Jung Passive HouseChallenge: The Jungs wanted a traditional-style home that would meet rigorous Passive House standards.
To build a Passive House is to build a structure that meets the most rigorous building standards in the country. Builders and architects must consider superior insulation, extreme air tightness — while maintaining good indoor air quality — and strict cooling and heating loads.
Homeowners Kurt and Maura Jung of Holly, Mich., wanted their home to have a small ecological footprint. They liked the characteristics of Passive House building because it made them think about how much energy they would use. The Passive House design process is unlike that of other green building programs. Design teams run extensive energy modeling prior to construction to determine all the equipment and materials that will be used to achieve the required energy reduction. “We liked Passive House because the calculations are done before nailing any boards,” said Maura Jung.
Passive House Standards require extreme restrictions for heating and cooling as well as overall energy consumption. “For heating and cooling, this level of consumption is 90 percent less than typical two-by-four construction and 75 to 80 percent less for overall energy consumption,” said Michael Klinger, a licensed builder and certified Passive House consultant. Klinger is owner of Lansing, Mich.-based Energy Wise Homes, Inc., the builder of the Jungs’ new Passive House.
The Jungs enlisted Matthew O’Malia, AIA, a partner at GO Logic LLC, Belfast, Maine, as the architect on the project. Established in 2008, GO Logic focuses solely on passive building.
Passive features like super insulation and triple-glazed windows dramatically reduced the home’s heating and cooling loads, and the team began searching for an HVAC system that could accommodate these low loads without exceeding them. The team had originally planned to select a central air system but soon abandoned the idea: “The centralized system’s air handler did not have enough capacity to move the air through the ducted system, given the size of the house and resulting length of the duct runs,” O’Malia said. “The heating and cooling load of the house is low, so the systems required to meet that are also small. As a result, the low load system is not created to distribute air through long duct runs of a large house.”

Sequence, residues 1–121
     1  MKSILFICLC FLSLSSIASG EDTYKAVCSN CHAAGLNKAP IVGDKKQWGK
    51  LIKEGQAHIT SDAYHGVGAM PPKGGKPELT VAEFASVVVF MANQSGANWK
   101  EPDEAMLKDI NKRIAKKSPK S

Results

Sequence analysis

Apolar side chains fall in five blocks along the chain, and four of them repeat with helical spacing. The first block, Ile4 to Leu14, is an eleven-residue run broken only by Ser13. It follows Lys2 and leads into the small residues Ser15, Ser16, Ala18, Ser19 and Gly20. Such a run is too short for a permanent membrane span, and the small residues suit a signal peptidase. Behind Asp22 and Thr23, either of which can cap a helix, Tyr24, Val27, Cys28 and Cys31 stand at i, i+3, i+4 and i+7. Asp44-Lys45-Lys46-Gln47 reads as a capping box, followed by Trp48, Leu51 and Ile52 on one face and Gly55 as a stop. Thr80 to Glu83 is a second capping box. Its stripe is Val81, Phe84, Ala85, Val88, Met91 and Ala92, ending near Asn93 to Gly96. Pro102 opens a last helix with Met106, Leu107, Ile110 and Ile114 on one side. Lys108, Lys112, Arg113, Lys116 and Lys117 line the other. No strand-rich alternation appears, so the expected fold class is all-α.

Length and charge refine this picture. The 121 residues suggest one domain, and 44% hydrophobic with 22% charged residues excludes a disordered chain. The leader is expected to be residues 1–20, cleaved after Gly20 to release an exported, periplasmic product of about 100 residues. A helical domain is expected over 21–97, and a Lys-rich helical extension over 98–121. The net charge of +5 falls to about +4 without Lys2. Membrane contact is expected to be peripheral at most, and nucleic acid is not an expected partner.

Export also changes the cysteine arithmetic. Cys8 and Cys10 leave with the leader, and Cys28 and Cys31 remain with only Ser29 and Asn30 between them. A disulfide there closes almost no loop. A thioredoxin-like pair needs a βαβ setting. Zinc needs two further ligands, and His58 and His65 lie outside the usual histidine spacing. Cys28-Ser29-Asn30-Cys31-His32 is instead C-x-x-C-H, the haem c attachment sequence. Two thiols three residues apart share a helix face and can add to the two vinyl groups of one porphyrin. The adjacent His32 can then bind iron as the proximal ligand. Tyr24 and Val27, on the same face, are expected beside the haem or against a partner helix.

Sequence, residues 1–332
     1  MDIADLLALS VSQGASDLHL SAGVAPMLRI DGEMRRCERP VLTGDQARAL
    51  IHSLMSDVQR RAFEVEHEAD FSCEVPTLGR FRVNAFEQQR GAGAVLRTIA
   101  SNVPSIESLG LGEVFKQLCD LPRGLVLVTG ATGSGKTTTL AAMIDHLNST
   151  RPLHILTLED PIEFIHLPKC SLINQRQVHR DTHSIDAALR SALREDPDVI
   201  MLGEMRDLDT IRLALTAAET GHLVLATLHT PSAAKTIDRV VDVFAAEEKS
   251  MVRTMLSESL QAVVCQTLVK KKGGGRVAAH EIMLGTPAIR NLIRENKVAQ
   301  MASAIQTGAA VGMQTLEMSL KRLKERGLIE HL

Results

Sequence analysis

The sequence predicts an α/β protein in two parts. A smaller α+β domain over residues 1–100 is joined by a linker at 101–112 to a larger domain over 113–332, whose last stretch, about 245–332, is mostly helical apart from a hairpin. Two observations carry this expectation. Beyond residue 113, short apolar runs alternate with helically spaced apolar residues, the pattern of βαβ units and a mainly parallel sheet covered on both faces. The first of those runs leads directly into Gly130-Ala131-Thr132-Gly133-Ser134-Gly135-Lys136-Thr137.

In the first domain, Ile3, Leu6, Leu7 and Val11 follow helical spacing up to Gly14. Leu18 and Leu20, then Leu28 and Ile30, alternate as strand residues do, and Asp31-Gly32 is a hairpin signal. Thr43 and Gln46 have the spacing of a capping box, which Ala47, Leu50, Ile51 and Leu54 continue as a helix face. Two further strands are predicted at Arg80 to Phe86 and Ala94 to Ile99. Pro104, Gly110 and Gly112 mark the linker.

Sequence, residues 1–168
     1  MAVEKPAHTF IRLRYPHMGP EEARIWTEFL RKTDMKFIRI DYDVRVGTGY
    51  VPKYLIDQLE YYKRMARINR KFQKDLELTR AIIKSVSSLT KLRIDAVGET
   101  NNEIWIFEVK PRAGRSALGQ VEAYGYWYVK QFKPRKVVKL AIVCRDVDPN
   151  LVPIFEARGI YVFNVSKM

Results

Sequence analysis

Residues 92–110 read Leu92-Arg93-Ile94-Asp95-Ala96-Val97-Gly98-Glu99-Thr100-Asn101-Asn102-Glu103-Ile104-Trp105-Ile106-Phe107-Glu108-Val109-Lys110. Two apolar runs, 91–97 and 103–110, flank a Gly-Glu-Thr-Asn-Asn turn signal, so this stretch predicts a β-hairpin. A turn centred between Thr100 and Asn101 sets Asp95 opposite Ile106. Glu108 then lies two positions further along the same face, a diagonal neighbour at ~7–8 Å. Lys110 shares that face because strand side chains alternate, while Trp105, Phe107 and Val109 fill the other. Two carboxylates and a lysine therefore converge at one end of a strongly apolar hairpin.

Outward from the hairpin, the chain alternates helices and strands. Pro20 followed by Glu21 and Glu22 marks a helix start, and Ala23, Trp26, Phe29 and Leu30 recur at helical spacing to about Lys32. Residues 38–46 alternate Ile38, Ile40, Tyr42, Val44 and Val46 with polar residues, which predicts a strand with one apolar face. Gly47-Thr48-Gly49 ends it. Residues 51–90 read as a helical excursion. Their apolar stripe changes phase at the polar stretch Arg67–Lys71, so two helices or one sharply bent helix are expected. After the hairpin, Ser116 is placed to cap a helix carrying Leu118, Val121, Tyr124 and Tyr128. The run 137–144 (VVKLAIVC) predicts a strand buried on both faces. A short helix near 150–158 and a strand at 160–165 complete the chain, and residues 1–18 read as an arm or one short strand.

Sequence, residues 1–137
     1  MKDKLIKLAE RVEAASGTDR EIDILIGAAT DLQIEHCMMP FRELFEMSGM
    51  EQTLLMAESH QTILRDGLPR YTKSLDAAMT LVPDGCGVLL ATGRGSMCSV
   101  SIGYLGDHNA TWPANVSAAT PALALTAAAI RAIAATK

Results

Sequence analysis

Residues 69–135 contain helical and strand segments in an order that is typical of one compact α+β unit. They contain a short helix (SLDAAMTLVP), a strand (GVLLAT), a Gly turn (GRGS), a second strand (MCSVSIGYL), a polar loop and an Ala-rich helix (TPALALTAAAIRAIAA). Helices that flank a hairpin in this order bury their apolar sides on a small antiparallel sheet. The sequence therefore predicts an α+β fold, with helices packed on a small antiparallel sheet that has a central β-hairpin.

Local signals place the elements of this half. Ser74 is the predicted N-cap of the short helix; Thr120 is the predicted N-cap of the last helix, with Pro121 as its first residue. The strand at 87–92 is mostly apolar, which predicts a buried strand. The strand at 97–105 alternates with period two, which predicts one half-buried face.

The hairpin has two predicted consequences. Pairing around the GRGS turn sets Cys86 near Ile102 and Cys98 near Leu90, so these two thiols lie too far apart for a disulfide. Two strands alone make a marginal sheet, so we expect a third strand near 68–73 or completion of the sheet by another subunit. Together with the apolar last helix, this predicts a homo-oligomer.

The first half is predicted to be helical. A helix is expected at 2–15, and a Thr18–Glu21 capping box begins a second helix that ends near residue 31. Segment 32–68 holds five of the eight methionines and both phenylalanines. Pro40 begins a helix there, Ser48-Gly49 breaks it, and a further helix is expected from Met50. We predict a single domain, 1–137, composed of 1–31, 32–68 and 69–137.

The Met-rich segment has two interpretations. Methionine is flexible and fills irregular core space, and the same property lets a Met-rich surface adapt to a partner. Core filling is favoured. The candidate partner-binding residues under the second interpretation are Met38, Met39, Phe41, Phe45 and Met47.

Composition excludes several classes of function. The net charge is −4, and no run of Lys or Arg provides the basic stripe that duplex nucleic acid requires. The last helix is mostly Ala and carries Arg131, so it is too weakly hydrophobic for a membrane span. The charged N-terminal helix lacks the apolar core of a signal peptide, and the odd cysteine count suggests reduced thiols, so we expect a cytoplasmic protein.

To solve the duct challenges, the team selected a 23 SEER Hyper-Heating (H2i®) INVERTER-driven ductless system from Mitsubishi Electric US Cooling & Heating Division, Suwanee, Ga. (Mitsubishi Electric). “We liked this product because it was so simple and efficient,” Klinger said. “In high-performance buildings, you need to keep the mechanical system simple.”
Solution: A 23 SEER Mitsubishi Electric ductless system helped the home meet rigorous Passive House standards while keeping the house comfortable during harsh Michigan winters.
Construction was completed in March 2013, and the home achieved Passive House certification, in part due to the Mitsubishi Electric system. Operating at full capacity and at high efficiency down to 5 degrees Fahrenheit, the system helped the home achieve the necessary reductions in heating load, despite Michigan temperatures that vary widely through the year. O’Malia added, “The Midwest has 40 percent sun in winter and 60 percent in summer, which significantly affects solar heat gain. The heating and cooling system had to accommodate these swings.”
In fact, the high performance of the Mitsubishi Electric system helped the home far exceed minimum Passive House standards. The goal of any Passive House is to reduce energy consumption as much as possible so that it becomes realistic and affordable to energize the building almost entirely with renewable energy. “For this home,” Klinger added, “the annual Primary Energy Calculation is 24.1 kBTU per square foot per year, far less than the 38 kBTU upper limit for Passive Houses.”
“The success of the home is due to great clients and good teamwork,” said Klinger. He predicts these tough standards are the future of good building practices. “It’s not a niche market anymore. By 2015 we will have the same air tightness standards everywhere. We are inching our way there.”